October 3, 2019 News

In key battleground, Democrats winning fundraising battle as election nears


by Grant Fox

In key battleground, Democrats winning fundraising battle as election nears 

KEY POINTS:

Heading into November’s election, a majority of Democratic candidates for Virginia’s General Assembly continue to outraise their Republican opponents in Chesterfield, some by two and three times as much.

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"These are unusually strong numbers for challengers," says Stephen Farnsworth, a professor of political science at the University of Mary Washington...Bob Holsworth, a longtime political analyst in Richmond, says these figures show how important these races are for both parties. "The Democrats have done, I thought, particularly in these House races, an excellent job in funding the challengers," Holsworth says. "In many instances, while they have raised more money recently, the incumbent has as much – if not more – cash on hand, which is important. But it shows that the Democrats are really putting an effort into [these races]."

[...]

Farnsworth says Bynum-Coleman’s haul speaks volumes about interest in her and the race in the 66th. "That’s a significant accomplishment," Farnsworth says. "When you think about the ability of Virginian politicians to raise money, the speaker of the house is pretty much at the top of the list."

See below from the Chesterfield Observer:  

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Chesterfield Observer: Democrats winning fundraising battle as election nears

By Rich Griset

October 2, 2019

Heading into November’s election, a majority of Democratic candidates for Virginia’s General Assembly continue to outraise their Republican opponents in Chesterfield, some by two and three times as much.

On Sept. 15, the nonpartisan Virginia Public Access Project published candidate fundraising figures for July and August, showing that Democratic enthusiasm has yet to wane three years after the election of Republican President Donald Trump. In a county where many of its districts recently became bluer through a redrawn legislative map, Democrats are hoping that gains made in Chesterfield will help them flip both houses of the General Assembly.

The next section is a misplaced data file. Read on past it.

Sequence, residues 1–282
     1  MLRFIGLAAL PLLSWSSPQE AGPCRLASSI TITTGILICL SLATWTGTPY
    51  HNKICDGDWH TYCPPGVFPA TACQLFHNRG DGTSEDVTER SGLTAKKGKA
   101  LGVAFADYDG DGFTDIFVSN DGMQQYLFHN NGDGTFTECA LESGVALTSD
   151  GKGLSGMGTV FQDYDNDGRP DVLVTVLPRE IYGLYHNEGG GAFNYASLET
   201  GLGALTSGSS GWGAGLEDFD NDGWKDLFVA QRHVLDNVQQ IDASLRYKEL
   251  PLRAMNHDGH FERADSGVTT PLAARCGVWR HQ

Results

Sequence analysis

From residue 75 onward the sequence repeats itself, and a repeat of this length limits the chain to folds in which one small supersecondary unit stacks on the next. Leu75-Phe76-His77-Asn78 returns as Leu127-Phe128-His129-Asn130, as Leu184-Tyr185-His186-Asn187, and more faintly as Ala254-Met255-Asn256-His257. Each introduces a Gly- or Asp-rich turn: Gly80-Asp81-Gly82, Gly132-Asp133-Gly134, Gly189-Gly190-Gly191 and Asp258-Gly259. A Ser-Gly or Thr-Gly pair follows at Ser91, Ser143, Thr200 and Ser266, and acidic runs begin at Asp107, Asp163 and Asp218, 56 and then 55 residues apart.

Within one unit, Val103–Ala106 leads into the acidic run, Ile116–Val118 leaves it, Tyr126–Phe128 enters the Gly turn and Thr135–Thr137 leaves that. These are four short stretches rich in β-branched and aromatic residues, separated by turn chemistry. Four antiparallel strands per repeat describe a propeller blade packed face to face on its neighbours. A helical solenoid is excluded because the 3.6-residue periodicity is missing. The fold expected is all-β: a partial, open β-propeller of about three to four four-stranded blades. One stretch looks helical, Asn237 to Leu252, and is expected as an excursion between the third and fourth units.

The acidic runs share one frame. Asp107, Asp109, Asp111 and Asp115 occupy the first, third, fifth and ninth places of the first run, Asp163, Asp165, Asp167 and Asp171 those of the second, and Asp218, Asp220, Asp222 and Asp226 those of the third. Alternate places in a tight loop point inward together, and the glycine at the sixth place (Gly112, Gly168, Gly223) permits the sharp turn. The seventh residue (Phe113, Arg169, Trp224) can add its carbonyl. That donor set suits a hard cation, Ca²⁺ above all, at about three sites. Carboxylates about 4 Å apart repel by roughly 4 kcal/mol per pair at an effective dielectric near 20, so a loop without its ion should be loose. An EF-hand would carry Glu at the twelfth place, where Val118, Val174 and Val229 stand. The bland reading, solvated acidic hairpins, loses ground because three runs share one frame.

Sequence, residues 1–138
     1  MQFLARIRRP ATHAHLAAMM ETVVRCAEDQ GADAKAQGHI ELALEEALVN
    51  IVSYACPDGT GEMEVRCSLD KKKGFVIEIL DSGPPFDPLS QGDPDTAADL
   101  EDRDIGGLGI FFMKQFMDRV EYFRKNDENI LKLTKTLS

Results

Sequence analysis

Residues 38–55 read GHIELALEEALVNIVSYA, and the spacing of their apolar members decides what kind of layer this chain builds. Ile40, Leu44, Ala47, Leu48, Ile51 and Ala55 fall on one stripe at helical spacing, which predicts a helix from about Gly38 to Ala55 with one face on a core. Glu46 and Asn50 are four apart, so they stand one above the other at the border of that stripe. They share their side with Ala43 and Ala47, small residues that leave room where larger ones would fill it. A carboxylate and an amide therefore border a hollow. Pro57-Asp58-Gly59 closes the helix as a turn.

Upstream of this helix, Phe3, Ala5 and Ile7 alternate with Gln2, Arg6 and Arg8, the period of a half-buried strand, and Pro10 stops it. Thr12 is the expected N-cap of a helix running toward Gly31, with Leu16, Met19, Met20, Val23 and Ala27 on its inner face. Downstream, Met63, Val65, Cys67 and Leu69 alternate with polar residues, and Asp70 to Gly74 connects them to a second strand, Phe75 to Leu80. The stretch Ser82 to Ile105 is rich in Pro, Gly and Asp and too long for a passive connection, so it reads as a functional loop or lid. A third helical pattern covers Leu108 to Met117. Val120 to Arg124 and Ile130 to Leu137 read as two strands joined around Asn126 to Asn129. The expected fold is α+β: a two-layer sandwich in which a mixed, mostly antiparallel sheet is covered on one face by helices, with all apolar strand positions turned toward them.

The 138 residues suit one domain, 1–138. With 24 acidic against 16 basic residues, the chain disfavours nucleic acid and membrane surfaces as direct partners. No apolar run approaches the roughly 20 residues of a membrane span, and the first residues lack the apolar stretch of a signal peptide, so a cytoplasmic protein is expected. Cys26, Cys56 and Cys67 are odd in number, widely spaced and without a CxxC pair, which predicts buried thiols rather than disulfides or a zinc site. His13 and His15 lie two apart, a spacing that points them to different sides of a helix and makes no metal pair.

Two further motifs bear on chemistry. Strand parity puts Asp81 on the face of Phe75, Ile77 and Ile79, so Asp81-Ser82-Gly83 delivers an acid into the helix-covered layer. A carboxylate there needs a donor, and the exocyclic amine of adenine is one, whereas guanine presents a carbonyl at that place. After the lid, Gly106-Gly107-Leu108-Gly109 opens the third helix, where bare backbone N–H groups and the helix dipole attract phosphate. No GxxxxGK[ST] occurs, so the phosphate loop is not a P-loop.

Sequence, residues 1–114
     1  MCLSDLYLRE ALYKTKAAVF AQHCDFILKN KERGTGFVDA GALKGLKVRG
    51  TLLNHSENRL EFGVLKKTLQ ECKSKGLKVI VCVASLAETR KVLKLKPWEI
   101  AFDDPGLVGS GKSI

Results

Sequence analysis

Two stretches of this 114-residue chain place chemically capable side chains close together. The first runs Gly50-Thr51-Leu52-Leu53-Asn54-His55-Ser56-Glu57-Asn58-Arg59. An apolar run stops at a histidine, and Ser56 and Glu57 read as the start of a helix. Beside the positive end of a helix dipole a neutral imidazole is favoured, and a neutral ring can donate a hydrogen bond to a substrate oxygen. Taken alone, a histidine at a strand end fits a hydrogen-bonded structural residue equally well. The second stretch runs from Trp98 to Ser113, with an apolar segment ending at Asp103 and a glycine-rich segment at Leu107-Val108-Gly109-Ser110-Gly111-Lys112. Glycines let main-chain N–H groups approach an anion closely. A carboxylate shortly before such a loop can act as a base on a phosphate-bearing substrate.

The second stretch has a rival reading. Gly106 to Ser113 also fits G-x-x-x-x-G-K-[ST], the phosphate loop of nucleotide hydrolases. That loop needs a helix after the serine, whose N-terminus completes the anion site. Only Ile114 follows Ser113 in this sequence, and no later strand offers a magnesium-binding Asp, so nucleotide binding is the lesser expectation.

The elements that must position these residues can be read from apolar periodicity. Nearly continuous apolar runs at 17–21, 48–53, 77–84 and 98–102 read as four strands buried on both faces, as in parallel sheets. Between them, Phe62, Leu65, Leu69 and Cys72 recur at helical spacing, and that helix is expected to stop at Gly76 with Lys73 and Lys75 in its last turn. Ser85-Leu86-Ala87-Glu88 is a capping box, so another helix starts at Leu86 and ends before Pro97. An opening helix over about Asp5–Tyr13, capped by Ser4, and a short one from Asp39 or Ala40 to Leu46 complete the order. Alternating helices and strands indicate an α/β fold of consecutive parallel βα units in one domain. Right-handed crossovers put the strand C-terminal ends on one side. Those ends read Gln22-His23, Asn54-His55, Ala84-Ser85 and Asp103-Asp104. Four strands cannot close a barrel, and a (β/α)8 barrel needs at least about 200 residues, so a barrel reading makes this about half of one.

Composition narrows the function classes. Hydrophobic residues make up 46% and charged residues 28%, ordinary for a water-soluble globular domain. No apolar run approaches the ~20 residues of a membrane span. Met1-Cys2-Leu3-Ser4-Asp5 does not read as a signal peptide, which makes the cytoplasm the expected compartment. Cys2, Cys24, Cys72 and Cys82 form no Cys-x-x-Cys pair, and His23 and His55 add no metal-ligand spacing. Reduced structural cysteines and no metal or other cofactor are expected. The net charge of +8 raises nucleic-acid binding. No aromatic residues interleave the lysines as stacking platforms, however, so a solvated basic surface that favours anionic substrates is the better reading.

In the race for Virginia’s 10th state Senate District, Democrat Ghazala Hashmi outraised Sen. Glen Sturtevant: $269,710 to his $138,127. In Virginia’s 27th House District, Democrat Larry Barnett raised more than three times what Republican Del. Roxann Robinson did in the two-month span: $158,989 to her $44,677.

Republican Speaker Kirk Cox, running for reelection in Virginia’s 66th House District, narrowly outperformed Democratic challenger Sheila Bynum-Coleman, raising $390,453 to her $330,347. “These are unusually strong numbers for challengers,” says Stephen Farnsworth, a professor of political science at the University of Mary Washington. “Challengers usually find it difficult to compete with incumbents when it comes to raising money, but [in] the Barnett/Robinson and the Cox/Bynum-Coleman races, you see that those challengers are doing what few challengers do: raise money in amounts comparable to incumbents.”

Generally, Farnsworth says both parties are putting a lot of money into Chesterfield races, calling it “the equivalent of a financial arms race.”

Bob Holsworth, a longtime political analyst in Richmond, says these figures show how important these races are for both parties.

“The Democrats have done, I thought, particularly in these House races, an excellent job in funding the challengers,” Holsworth says. “In many instances, while they have raised more money recently, the incumbent has as much – if not more – cash on hand, which is important. But it shows that the Democrats are really putting an effort into [these races].”